James D. Brenner and Charles D. Jones are among the same-sex couples, according to the decision. Brenner has worked for the Florida Forest Service since 1981. Jones has worked for the Florida Department of Education since 2003. They were married in Canada in 2009. Brenner says the state’s refusal to recognize their marriage eliminates a retirement option that would provide for Jones after Brenner’s death. Juan del Hierro and Thomas Gantt, Jr., have been a couple for six years and were married in Washington, D.C., in 2010. They live in North Miami Beach and have an adopted 2-year-old son. Gantt taught for more than a decade in public schools but now works at a virtual school. If their marriage were recognized, Gantt would designate del Hierro as his pension beneficiary.
They still cannot have their marriage recognized, pending the stay in the case.
“We are thrilled that these loving and committed couples will soon have the same protections and security for their families that other married couples have,” stated Daniel Tilley, the ACLU of Florida’s staff attorney for lesbian, gay, bi-sexual and transgender rights. “Florida’s refusal to recognize their marriages serves no legitimate purpose and is hurtful to Florida families. We’re very pleased to see the ban held unconstitutional in such unequivocal terms so that all Florida families will soon finally have the same protections.”
The decision included one exception to the stay: the judge ordered that the death certificate of one of the plaintiffs be corrected to reflect that she had been married to her partner: Arlene Goldberg married Carol Goldwasser in New York in 2011. Goldwasser died in March 2014.
The couple had been together for 47 years. Ms. Goldwasser was the toll-facilities director for Lee County for 17 years. Goldberg is retired but works part time at a major retailer. The couple had been living with and taking care of Goldwasser’s elderly parents, but now Goldberg cares for them alone. Social-security benefits are Goldberg’s primary income. Florida’s refusal to recognize the marriage has precluded Goldberg from obtaining social-security survivor benefits. Goldberg says that for that reason only, she will have to sell her house, and Goldwasser’s parents are looking for another place to live.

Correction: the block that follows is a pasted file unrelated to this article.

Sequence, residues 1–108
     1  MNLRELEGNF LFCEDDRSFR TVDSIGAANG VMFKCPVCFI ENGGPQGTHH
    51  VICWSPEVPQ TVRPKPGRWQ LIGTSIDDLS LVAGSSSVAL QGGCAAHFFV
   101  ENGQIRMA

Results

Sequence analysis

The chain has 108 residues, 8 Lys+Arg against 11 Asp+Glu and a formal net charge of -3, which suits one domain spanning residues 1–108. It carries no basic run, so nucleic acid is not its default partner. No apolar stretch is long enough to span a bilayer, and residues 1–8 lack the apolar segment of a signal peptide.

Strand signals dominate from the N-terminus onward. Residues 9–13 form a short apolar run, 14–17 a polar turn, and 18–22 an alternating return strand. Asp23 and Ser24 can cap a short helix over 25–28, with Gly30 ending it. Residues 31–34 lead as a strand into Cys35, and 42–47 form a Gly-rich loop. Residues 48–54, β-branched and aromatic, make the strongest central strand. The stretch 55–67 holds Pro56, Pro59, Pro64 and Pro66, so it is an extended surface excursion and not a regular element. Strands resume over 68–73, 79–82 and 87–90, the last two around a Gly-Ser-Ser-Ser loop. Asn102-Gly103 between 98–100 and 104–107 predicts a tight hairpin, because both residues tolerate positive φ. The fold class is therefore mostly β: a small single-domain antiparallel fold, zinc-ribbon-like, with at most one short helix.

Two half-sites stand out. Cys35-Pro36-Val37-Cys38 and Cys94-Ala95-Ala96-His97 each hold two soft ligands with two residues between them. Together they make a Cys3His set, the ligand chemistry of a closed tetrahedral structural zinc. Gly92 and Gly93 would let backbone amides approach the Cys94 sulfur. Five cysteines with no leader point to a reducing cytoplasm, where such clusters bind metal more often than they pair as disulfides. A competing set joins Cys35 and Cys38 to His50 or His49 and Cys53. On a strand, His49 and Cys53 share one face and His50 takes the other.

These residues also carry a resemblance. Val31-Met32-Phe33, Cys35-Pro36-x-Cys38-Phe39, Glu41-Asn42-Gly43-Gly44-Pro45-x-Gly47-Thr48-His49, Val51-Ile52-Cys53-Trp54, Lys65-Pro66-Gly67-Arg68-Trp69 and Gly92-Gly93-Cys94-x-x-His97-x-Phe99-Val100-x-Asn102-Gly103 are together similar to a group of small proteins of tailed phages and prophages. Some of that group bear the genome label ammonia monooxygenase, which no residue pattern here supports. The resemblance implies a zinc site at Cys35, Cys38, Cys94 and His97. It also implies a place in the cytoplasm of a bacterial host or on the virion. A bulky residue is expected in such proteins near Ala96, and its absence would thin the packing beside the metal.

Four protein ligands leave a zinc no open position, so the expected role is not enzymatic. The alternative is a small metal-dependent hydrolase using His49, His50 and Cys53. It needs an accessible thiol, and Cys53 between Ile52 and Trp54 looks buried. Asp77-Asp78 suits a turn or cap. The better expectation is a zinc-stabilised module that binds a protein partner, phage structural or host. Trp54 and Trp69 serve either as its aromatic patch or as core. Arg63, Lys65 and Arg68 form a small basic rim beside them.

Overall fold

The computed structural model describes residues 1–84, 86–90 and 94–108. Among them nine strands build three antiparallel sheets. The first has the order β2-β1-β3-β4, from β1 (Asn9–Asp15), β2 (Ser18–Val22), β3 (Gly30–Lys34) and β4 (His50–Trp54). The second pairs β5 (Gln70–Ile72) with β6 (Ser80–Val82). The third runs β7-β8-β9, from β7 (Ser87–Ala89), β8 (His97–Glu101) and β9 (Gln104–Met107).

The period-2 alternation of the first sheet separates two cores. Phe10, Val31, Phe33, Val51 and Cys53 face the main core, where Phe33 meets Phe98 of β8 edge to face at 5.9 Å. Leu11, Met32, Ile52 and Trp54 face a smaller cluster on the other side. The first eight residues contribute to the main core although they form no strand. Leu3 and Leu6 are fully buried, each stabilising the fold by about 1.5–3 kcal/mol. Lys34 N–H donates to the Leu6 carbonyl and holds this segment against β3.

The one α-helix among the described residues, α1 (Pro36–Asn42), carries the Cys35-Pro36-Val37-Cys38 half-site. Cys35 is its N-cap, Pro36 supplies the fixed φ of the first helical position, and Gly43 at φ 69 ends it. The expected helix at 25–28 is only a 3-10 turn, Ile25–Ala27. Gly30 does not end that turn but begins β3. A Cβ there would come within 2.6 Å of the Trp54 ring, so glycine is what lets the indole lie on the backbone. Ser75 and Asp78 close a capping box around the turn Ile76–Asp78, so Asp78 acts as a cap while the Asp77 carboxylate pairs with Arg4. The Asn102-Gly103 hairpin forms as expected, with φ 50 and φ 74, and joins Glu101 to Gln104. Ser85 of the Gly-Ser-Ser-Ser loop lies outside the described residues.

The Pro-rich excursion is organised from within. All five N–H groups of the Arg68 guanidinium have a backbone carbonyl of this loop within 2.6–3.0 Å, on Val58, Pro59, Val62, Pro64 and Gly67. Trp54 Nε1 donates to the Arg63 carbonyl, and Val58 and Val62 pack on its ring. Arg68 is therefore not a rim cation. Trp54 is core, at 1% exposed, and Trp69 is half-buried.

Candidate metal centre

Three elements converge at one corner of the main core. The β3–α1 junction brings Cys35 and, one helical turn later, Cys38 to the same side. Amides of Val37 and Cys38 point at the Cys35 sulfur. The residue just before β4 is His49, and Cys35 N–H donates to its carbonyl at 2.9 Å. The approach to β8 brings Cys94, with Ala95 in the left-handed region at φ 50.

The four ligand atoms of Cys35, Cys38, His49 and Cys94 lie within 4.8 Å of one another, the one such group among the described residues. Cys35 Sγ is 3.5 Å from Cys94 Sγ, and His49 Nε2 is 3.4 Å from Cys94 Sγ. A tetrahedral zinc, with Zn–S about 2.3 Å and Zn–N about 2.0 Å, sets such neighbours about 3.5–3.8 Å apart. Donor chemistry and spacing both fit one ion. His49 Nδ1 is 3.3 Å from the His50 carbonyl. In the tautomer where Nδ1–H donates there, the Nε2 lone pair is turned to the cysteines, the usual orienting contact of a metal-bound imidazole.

“The correction is important to Ms. Goldberg,” the judge ruled. “There is little if any public interest on the other side of the scale. There is no good reason to further deny Ms. Goldberg the simple human dignity of being listed on her spouse’s death certificate. Indeed, the state’s refusal to let that happen is a poignant illustration of the controversy that brings us here.”
But the remaining couples must endure the “controversy” to satisfy the state’s opposition to same-sex marriage until a higher court rules.
Still, the ACLU and Equality Florida, the [pressure group supporting same-sex marriage in the state, welcomed the ruling.
“Florida put this discriminatory ban in place and Florida should end it,” Equality Florida said in a statement. “Our families have waited too long already. We call on Governor Scott to join us in urging the Florida Supreme Court to take up this issue immediately.”
SAVE Executive Director Tony Lima said: “SAVE is pleased as a plaintiff in the ACLU’s marriage recognition lawsuit to have received a favorable ruling in court today. While we are overjoyed that the judge erred on the side of fairness by ordering the state of Florida recognize the legal marriages of the plaintiffs, we will continue to make the case that it is Florida’s responsibility to recognize the legal marriages of all same-sex couples, and not only those named as plaintiffs in our suit. SAVE will continue to advocate for a pro-equality ruling as the court examines the case further in the weeks and months ahead.”